James: No matter what the size limit of my account, or of my individual email limit, I can’t control other people. I can’t ensure that someone who isn’t particularly computer literate will try to attach a 60MB file to an email. However, if they do, I do expect them to be notified by the server that drops the mail. that is standard practice
James: hello…
Kathy A.: Okay. I am sorry for the delay.
James: no problem
Kathy A.: Any email that is sent will be received by the recipient and if not it should bounce back to the sender. If the sender did not receive a bounce back means that the email did not reach our mailservers at all. In such cases, the ISPs block the email and this what, it seems happened in your case.
James: Sorry Kathy, nice try. The email was delivered fine when sent to another email address. The problem is not with the senders’ ISP or SMTP.
James: Please look at it from my point of view. First you say that no bounce message will be sent if the email box is out of limit. Now you say it would have been sent, but it didn’t reach you because of the sender. It sounds like you’re trying to disown the problem.
Kathy A.: Okay. Now, it is not necessary that your ISP would block all mailservers or all the IP’s.
James: So please confirm for me: would a bounce message have been sent from or not? because I’m getting conflicting reports here
James: if I send an 60mb file to myself using my address, will I get a bounce?
Kathy A.: It is quite possible that the other mailserver was not blocked by that ISP and so the email was delivered.
Kathy A.: If at all, it reached’s mailservers and it could not be delivered to your email account, then the sender would surely get a bounce back message.
James: so what you said before was wrong?
James: [quoting]Kathy A.: I understand. I am sorry but bounce back email messages are not sent if your email space is our of limit.
James: you can understand why this looks like a backpedal from my perspective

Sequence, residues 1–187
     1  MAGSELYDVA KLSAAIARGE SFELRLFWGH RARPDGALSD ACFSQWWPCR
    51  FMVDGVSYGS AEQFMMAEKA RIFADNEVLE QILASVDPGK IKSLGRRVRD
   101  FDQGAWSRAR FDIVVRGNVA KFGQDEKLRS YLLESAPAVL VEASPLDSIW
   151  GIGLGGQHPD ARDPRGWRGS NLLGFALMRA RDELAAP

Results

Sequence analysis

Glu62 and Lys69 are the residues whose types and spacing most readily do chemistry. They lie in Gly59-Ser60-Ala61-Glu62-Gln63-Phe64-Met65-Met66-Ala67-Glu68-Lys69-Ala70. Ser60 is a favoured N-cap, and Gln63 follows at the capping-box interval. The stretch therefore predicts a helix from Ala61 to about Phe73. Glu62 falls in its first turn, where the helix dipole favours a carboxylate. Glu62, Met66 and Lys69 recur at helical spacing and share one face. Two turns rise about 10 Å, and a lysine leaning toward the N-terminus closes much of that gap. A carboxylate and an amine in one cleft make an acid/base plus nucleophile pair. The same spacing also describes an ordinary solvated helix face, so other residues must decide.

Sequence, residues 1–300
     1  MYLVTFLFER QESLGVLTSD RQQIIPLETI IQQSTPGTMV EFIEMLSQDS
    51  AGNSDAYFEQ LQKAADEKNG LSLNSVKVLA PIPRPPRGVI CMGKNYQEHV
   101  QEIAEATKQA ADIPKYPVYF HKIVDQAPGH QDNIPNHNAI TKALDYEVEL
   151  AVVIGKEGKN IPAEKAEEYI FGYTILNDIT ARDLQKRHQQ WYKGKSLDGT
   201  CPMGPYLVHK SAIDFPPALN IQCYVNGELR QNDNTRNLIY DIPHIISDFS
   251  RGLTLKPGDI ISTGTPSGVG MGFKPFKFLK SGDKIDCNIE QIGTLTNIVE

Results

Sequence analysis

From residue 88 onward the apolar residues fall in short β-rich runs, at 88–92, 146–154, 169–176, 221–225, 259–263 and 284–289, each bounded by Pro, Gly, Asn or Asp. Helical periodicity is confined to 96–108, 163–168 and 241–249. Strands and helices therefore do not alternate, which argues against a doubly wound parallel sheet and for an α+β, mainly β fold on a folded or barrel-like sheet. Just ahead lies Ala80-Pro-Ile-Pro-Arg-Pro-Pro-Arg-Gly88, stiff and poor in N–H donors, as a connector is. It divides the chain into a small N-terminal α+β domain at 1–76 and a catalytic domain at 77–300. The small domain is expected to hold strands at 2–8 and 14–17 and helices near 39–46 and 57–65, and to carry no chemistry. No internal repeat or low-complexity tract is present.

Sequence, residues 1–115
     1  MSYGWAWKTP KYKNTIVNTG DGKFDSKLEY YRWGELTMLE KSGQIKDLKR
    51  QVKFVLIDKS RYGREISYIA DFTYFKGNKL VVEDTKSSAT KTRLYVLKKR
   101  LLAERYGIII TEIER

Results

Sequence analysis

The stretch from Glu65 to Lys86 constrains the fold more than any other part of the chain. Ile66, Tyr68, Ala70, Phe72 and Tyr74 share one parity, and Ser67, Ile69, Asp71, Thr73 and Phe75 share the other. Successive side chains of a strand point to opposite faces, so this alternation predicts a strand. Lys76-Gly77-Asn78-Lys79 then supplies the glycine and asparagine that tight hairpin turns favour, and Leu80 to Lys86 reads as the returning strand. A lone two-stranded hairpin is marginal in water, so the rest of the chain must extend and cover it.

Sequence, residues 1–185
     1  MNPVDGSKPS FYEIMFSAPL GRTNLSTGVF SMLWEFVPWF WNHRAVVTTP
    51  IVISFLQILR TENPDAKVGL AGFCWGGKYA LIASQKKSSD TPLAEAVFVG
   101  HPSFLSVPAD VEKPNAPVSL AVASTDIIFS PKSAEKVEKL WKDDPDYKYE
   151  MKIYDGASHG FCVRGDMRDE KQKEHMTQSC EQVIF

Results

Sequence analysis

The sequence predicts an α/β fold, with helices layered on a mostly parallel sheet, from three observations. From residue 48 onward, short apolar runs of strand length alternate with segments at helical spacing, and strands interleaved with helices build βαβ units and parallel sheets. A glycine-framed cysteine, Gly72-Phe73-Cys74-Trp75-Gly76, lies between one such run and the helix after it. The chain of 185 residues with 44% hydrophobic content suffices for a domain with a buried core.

Kathy A.: Yes, it seems I was not able to explain the things in a right way. The sentence should have been – I understand. I am sorry but bounce back email messages are sent if your email space is our of limit.
Kathy A.: I am sorry but bounce back email messages are sent if your email space is out of limit.
James: OK. so that I get this straight – your story is that the senders’ mailserver for some reason was blocking mailservers for delivery, but not blocking iinet mailservers. the mail never reached is that right?
James: (iinet being the provider of the address that did successfully receive the big message)
James: so by your reasoning, no mail from that sender should reach address, right?
James: so you’d be surprised to hear that many emails have been exchanged between those two addresses, just not this large one?
James: so the possibilities are: the senders’ server blocks attachments, but not regular mail, to servers, and allows mail with attachments to other servers. or – didn’t send a bounce. which is more likely?
Kathy A.: Yes, to the first Question. If the particular email server is blocked by the ISP, then ofcourse no one would be able to send emails to that email address. The ISPs also keep updating their policies and the list of blocked mailservers. So it is not necessary that always the email will not be delivered. The ISP would be in better position to explain these things.
Kathy A.: Is there anything else I can help you with today?
James: you could help me with this problem instead of trying to wriggle out of it